CUSTOMER: Yeah. (Pause). I didn’t read it.
(Elderly female customer is looking at the chart) CUSTOMER: I can’t believe everybody’s reading this Fifty Shades …
BOOKSELLER: I know. I take it it isn’t your cup of tea, then?
CUSTOMER: Oh, no dear; been there, done that – no need to read about it!
CUSTOMER: Hello! I’m searching for a book. I’m not sure of the publishing house, but it’s really great and I just have to read it again.
BOOKSELLER: Sure. What was the title of the book?
CUSTOMER: Well, the thing is, I don’t really remember …
BOOKSELLER: OK, then how about the author? Maybe we can search for their work and find the one you’re looking for?
CUSTOMER: I don’t know his name.
BOOKSELLER: … Right.
CUSTOMER: But he was definitely European.
BOOKSELLER: … Ok.
CUSTOMER: And it was non-fiction. Some kind of study. Probably.
CUSTOMER (looking expectantly at the bookseller): Come on, you must know the book I mean!
CUSTOMER: Do you have that book by that guy, the one whose brother is on the radio and has a moustache? I think it’s blue.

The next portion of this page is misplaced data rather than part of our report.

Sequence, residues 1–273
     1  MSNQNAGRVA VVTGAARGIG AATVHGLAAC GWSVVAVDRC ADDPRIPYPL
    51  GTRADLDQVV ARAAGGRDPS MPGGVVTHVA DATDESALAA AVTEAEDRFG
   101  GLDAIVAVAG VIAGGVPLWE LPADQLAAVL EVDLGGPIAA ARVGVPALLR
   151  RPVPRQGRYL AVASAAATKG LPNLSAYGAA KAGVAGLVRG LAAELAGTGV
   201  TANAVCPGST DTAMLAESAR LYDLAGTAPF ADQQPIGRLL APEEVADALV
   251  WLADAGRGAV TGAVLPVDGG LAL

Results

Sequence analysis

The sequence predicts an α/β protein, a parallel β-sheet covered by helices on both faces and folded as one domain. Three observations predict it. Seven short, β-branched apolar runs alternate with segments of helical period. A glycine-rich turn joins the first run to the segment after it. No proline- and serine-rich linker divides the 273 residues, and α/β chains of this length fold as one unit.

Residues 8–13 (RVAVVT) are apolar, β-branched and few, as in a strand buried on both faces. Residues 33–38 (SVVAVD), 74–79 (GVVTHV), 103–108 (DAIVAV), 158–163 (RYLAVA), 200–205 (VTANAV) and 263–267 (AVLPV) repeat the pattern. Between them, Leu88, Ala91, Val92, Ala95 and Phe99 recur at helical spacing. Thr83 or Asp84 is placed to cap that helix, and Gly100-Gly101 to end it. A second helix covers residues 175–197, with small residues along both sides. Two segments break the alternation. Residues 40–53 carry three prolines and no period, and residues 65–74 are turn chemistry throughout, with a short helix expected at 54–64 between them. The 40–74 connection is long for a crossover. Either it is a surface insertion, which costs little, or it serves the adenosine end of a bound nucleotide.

BOOKSELLER (jokingly): The moustache?
CUSTOMER (seriously): No. The book.
CUSTOMER: I’d like to buy a book for my wife.
BOOKSELLER: Sure, what sort of book?
CUSTOMER: I don’t know. Something ... pink? Women like pink stuff, right?
CUSTOMER: There are several things I look for in a good book.
BOOKSELLER: Oh? What are those?
CUSTOMER: A murder – preferably of a handsome young man – a helicopter ride, a small dog, a parrot, a suicide, cigars, moustaches, love letters and animals that have escaped from the zoo.
CUSTOMER: Why aren’t you writing these things down?
BOOKSELLER: Sorry (grabs a pen).